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Diabetologia. 1985 Oct;28(10):756-62.

Effects of substantia nigra lesions on the volumes of A, B, and D cells and the content of insulin and glucagon in the rat pancreas.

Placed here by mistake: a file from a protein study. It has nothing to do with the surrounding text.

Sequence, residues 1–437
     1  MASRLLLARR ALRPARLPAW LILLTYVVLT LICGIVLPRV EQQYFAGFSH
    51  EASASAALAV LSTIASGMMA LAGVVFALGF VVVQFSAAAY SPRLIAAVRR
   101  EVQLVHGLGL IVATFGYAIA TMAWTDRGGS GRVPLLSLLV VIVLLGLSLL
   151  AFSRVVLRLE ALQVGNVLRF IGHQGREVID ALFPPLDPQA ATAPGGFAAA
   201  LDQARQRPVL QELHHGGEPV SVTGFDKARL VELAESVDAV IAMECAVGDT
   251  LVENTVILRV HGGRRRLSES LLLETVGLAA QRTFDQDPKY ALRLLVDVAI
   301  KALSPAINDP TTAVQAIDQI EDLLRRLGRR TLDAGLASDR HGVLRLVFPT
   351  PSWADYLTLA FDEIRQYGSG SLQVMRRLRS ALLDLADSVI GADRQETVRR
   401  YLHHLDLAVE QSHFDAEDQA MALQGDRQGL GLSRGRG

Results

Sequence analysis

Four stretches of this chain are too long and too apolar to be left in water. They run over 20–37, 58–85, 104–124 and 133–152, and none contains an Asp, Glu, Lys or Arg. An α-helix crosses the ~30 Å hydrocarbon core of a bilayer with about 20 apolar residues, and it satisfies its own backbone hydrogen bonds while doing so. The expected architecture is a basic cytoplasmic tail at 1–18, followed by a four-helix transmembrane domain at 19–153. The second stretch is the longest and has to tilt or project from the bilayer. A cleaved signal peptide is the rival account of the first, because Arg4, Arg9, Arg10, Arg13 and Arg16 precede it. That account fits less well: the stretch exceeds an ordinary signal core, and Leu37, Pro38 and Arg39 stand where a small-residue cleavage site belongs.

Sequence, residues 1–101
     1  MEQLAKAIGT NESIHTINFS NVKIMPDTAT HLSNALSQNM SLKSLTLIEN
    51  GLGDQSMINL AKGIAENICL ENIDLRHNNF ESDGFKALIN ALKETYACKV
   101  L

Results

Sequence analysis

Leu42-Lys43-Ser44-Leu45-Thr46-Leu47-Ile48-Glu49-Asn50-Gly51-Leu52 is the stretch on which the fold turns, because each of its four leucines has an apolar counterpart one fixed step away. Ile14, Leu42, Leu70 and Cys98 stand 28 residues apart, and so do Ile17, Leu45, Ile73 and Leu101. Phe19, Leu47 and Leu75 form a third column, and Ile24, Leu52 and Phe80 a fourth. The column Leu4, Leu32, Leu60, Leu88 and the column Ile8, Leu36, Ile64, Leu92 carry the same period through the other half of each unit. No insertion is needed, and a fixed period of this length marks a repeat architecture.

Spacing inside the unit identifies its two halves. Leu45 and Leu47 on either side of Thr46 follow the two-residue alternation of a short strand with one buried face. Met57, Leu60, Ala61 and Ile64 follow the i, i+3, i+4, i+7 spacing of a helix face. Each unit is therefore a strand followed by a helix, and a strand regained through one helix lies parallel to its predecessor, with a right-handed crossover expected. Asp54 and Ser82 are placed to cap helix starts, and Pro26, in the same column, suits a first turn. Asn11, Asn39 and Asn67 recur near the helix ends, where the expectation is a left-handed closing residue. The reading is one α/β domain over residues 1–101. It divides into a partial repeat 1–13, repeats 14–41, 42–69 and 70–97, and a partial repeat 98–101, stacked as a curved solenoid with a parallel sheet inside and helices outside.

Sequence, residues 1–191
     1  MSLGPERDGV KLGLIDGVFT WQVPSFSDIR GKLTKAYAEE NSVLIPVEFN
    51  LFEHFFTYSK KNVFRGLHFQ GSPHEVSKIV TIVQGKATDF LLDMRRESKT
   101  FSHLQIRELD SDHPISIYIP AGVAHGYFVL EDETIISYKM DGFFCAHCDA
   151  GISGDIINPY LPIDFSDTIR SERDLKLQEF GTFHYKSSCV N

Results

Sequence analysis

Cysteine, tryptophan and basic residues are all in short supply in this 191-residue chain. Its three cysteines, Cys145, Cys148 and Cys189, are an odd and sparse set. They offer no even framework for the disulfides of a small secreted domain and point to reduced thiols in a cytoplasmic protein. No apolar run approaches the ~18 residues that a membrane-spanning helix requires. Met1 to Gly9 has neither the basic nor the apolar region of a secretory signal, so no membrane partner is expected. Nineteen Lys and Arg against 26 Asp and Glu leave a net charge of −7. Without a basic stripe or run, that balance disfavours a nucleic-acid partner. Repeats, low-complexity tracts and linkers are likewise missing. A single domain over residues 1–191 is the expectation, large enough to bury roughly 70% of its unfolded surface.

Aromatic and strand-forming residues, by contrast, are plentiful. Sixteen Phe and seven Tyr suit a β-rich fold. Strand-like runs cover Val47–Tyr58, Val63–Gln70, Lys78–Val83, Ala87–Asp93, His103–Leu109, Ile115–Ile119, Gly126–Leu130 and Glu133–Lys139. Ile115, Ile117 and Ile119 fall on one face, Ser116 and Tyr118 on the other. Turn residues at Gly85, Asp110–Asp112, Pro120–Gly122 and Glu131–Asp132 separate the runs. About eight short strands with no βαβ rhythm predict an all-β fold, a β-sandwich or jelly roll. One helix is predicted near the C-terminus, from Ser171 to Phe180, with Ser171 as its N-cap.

The effects of substantia nigra lesions on the volume densities of islet cells and on the content of insulin and glucagon in the pancreas were examined using five groups of age-matched, Sprague-Dawley rats. Two groups received bilateral substantia nigra lesions using intrathecal injections of either a low (6 micrograms/hemisphere) or a high (12 micrograms/hemisphere) dose of 6-hydroxydopamine. Rats given sham lesions served as controls for the effects of the neurotoxic drug. These three groups, plus a fourth consisting of unoperated controls, were provided with a high-fat diet to minimize lesion-induced alterations of food intake and body weight. Eleven weeks after lesion placement, tissue was collected from all animals for the assessment of islet cell volume densities and the pancreatic content of insulin and glucagon. Plasma samples also were obtained to determine the levels of glucose, insulin, and glucagon. Data from those animals were compared with that obtained from a fifth group, termed "pre-lesion controls", sacrificed at the beginning of the experiment. Linear-scan morphometry documented an increase of B-cell volume density in the pancreas of non-lesioned rats over the 11-week period (p less than 0.05). However, the volume density of B cells in the pancreas of lesioned animals did not increase compared with that of pre-lesion controls. In terms of A or D cells, no significant differences of volume density were found between the five groups. Compared with that of the pre-lesion controls, pancreatic insulin and glucagon content increased in the lesioned and neurally-intact animals.(ABSTRACT TRUNCATED AT 250 WORDS).

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